This Filipino Innovator Fights Plastic Pollution in a Cool Way
Julian Rodriguez is a host, director, and cinematographer. He worked with the teams that produced the TV shows Gameplan and Survivor. His list of achievements is long, but the one he’s most proud of is his fight against the world’s biggest problem: plastic pollution.
Julian Rodriquez, Co-founder of Plastic Tides PH
Julian Rodriguez is the co-founder of Plastic Tides PH, a non-profit organization that seeks to raise awareness on plastic pollution through education camps and adventure. Its most recent expedition took the team trawling on Pasig River, where they were able to collect 1,500 kilograms of plastic trash in day.
PROOF OF LIFE: A Live Fish Caught by Plastic Tides During Its Pasig River Expedition and Cleanup Proves that the Pasig River is Not Dead
The Pasig River Rehabilitation Commission, together with Plastic Tides and other partners, has already diverted 27 million kilograms of solid waste from the Pasig River system since 2012.
Plastic Tides Leads Cleanup of Pasig River
Rodriguez opens up about his post-traumatic stress disorder or PTSD, how the outdoors helped him deal with it, why he founded the group, where it has taken them, and what triumphs they have gotten over the years.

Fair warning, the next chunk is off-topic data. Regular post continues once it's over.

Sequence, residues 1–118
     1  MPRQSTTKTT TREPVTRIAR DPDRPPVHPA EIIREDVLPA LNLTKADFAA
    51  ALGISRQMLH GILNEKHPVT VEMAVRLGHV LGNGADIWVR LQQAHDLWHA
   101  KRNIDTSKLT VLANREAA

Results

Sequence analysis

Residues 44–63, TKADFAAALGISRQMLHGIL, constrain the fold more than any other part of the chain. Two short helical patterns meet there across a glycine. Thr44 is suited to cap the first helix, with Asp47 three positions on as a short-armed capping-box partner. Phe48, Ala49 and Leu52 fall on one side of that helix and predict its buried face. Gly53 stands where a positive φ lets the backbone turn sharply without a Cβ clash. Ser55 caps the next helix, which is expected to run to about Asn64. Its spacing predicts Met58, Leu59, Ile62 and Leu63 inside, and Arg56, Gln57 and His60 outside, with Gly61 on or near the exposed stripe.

ESQUIRE: Why did you name your group “Plastic Tides”?
RODRIGUEZ: We named the group “Plastic Tides” because what we really want people to do is not to ride the plastic tide. When you surf the oceans, there’s plastic everywhere. The advocacy is really about fighting plastic pollution so that it does not reach our oceans.
ESQ: What inspired you to start an anti-plastic pollution campaign?
R: One of the reasons why I wanted to do this whole thing was because of my mental health. I was kidnapped in 2009, and because of that, I developed trauma and mood swings, among other issues. I went through post-traumatic stress disorder (PTSD) and I realized that going into the outdoors was one of the key factors that helped me kind of deal with the issue. I received military training, camp, and survival trainings. That helped me a lot.
In 2014, because I was experienced in filming and I have military training in survival, I was asked to take part in a project in Bermuda where we paddleboarded for eleven days around the island while I was filming. It was me and Gordon Middleton holding the cameras, and through those eleven days of filming and paddleboarding, I saw how much plastic trash was in the ocean. I thought, if this is happening in Bermuda, it could be much worse in the Philippines.
"Advocating against plastic pollution sounds easy when I say it like this, but in reality, there will be a lot of opposition, a lot of obstacles. Do it anyway. Do it because you can, you want to, and you know that it is right."
When I filmed the project, it hit me. I was like, ‘Shit, there’s so much pollution.’ That really was the trigger. I realized that if there was so much trash in this side of the world that is apparently more developed, what could be the situation in the Philippines? The Philippines has one of the world’s longest coastlines, and plastic in the country finds their way to bodies of open water quite easily because of poor solid waste management in the country.
ESQ: What is the most important aspect of fighting plastic pollution that Plastic Tides think we should focus on?